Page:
II. Some Good Things To Know

Attention, Moms! Whether your kids are babes in arms, are almost old enough to join the Army or maybe even have their own army of kids, sometimes you get grumpy with them. Irritated, frustrated, impatient, angry, resentful.

You will probably think the reason you are grumpy is something like: your little one dumped her oatmeal on the carpet, your son got a parking ticket or the bacon burned.

But your grumpiness isn’t caused by the oatmeal, ticket, bacon or anything your kids do or say. You are grumpy because of what you are thinking about, for example, your daughter dumping the oatmeal. Perhaps that she shouldn’t have done that, or now you’ll be late for work, or she did that out of spite, or clumsiness, or whatever. 

How do I know this? Because no matter what happens, you get to choose how you respond to it. What you make it mean. You can choose what to think about the oatmeal or anything else. How you feel will depend on what you think.

That said, let’s say you are irritated about the oatmeal. You might feel like slamming a door and yelling at your little one. 

If you are able to stop yourself from acting out of irritation, from speaking unkind words, is that the end of it? What then happens with your negative feelings, with your negative thoughts?

Irritation or anger that is turned inward will eventually make its way out, perhaps as a slow drip, perhaps in a outburst. The thought that caused the irritation also still remains, unexamined and unprocessed. How we behave with our kids is important, but so too is how we feel and what we think. 

I have read that our brains produce 60 thousand thoughts a day, and 80% of those thoughts tend to be negative. This is because our brain is constantly looking for problems, alerting us, protecting us from danger.

So, when negative thoughts pop up, we can remind ourselves that nothing has gone wrong, that our brain is just doing its job. 

We can remind ourselves that no matter what happens with oatmeal, bacon, tickets or our kids, we can choose what we want to think about it. 

We can learn healthy ways to deal with negative emotions.

Next week we’ll get into specifics. See you back here for III. What’s a Mom to Actually Do?

Want a Better Relationship with Your Adult Kid?

Do you wish you had a better relationship with your adult kid? 

What would it take to make it better?

If you answered something like: 

If she would be nicer to me, if he would call more often, if they would make better choices or settle down or work harder or drink less or or or… then I would feel better about them, then we could have a better relationship.

A lot of people will agree with you, and commiserate with you… because you are powerless to do anything, the relationship is out of your hands. You are at the mercy of your kid’s behavior. It is a very painful place to be. 

But is that the way it has to be? 

Here is what I believe is true: 

You, and I, and everyone, cannot make other people behave differently than they do. Even our kids.

People get to be and do what they choose.

When we set rules, expectations, “shoulds” for others, we often end up feeling disappointed, angry or hurt.

How we feel is because of how we are thinking. We think we feel hurt because our son didn’t call, but if it wasn’t for our thought “he should call” we wouldn’t be feeling hurt. 

It seems like a nice thought, a reasonable expectation: my son should call. A kid should call his mother.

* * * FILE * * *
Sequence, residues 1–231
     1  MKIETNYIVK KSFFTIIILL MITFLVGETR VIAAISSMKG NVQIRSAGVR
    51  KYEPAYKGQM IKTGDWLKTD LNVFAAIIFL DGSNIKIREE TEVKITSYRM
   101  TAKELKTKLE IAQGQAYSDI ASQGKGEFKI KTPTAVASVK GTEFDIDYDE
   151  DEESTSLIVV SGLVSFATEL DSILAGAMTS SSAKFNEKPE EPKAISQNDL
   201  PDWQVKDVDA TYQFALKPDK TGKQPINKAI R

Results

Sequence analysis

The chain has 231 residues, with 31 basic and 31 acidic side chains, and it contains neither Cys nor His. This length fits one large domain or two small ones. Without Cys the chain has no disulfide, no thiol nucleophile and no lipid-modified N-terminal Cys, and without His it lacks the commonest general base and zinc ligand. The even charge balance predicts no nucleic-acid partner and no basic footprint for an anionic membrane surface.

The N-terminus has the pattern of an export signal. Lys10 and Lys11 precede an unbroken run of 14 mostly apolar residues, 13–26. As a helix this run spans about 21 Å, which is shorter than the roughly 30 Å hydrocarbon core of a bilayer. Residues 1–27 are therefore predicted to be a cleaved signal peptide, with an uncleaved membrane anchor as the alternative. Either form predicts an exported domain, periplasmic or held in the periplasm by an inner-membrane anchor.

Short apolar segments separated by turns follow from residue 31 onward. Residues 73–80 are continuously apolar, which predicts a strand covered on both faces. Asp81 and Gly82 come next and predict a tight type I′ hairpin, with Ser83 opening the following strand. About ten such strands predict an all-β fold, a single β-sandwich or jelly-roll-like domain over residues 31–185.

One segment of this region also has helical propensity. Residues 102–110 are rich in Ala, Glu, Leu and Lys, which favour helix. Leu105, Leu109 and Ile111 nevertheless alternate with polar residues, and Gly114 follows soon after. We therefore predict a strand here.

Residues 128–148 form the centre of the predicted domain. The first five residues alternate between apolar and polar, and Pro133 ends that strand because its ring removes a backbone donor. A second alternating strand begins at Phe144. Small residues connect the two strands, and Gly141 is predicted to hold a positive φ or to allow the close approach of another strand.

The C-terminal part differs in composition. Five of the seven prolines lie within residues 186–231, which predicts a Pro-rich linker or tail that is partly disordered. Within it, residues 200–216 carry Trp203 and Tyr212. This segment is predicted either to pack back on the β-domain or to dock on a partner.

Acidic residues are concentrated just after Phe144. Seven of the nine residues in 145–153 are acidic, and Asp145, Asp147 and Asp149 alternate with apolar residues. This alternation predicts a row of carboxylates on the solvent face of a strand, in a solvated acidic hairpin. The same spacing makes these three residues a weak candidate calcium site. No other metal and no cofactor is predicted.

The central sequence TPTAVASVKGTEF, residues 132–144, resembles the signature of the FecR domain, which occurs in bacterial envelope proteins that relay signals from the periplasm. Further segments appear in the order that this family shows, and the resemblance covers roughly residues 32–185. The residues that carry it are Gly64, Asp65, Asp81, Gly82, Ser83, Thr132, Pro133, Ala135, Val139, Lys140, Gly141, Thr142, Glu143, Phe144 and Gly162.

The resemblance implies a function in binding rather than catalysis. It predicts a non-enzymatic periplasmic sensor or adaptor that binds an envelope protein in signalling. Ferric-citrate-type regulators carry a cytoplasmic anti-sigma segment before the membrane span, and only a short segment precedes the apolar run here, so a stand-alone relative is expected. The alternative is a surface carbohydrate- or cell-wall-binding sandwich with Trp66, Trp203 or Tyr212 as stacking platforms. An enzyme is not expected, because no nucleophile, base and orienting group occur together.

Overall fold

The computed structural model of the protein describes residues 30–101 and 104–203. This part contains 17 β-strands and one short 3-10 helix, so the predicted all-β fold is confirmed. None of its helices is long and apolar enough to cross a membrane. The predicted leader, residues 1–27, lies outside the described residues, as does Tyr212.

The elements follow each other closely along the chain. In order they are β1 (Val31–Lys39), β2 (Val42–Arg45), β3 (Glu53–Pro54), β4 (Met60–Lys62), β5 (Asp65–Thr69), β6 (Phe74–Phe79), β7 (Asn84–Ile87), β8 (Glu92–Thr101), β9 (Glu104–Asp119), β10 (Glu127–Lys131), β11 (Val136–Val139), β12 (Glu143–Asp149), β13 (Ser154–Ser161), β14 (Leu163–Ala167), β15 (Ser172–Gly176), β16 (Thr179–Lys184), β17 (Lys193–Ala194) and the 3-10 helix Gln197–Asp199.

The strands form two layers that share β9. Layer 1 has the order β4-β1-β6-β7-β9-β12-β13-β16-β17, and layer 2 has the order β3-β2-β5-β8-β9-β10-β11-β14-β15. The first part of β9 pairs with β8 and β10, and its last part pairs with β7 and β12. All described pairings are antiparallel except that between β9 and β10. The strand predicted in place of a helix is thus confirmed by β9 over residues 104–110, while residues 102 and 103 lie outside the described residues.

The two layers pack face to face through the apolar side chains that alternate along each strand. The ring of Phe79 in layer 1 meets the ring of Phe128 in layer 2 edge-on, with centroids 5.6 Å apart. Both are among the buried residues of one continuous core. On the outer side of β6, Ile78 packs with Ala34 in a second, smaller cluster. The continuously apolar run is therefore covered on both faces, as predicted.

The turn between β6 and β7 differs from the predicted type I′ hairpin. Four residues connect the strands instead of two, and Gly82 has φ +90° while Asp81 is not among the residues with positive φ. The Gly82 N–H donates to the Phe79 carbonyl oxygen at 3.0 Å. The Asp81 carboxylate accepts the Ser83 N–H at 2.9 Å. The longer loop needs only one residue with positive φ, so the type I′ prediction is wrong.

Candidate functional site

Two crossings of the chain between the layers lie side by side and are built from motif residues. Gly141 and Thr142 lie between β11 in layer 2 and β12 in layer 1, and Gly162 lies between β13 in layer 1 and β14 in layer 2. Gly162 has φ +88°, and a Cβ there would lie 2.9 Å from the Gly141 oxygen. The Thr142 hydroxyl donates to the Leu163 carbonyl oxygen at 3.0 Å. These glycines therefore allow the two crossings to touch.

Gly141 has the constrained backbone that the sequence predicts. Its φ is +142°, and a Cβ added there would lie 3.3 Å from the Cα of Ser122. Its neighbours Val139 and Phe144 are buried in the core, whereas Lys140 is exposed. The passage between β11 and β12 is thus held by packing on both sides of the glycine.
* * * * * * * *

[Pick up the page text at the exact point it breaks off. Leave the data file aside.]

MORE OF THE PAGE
But let’s look at the reality: when we have that thought about our kid, we feel disappointed and hurt, and then how do we behave? Most likely we complain, we pout, we decide to “show him” by not calling him, or maybe we call and chew him out… And what is the result of all that?

Can you see where that reasonable thought turns out to be a kind of poison? 

So what can we do differently? 

We can start trying out different ways of thinking about our kid. So he’s not big on calling- what if we worked on making that okay. Not making it mean he is selfish or doesn’t love us. Or that we are a bad mom or have a bad relationship. But maybe instead, thinking, he is living his life, as we all are. What else? Busy, doing things, taking care of stuff, minding his business, being a grownup, just being himself. I’ve raised an independent man, living his own life.

Can you feel the relief, the easing off? 

Ultimately, our relationships with our kids are based on what we choose to think about them. Our thoughts, the emotions they generate, and the way we behave are what end up creating the relationship. 

So… what kind of relationship will you create?

Equally Beloved

It has been an interesting time politically, these past four years. A lot of opportunity for me to work on anger, frustration, judgement, disappointment. A lot of opportunity to think about truth, integrity, honesty. To grieve for all the partisanship, small-mindedness, meanness.

To figure out how much news input I can handle. 

Sometimes I want to get away from my anger. Sometimes I want to indulge it, stoke it.

The covid pandemic has brought all this to new heights and lows.

I’ve been asking myself, if I value and work toward acceptance and unconditional love toward all humans, how is it okay to judge and condemn our current president? To feel such animosity and anger? 

I zoom up and imagine a Big Mama, Higher Vantage Point, GodsEye View, etc., looking down at Me and Donny in the playground, duking it out. Both her children. Equally beloved to her. 

What does she say to me? People are people. They get to be who they are. You know this. You are who you are and he is who he is. Do you want to hate him? Punish him? Is that how you want to feel? Is that how you want to spend your energy?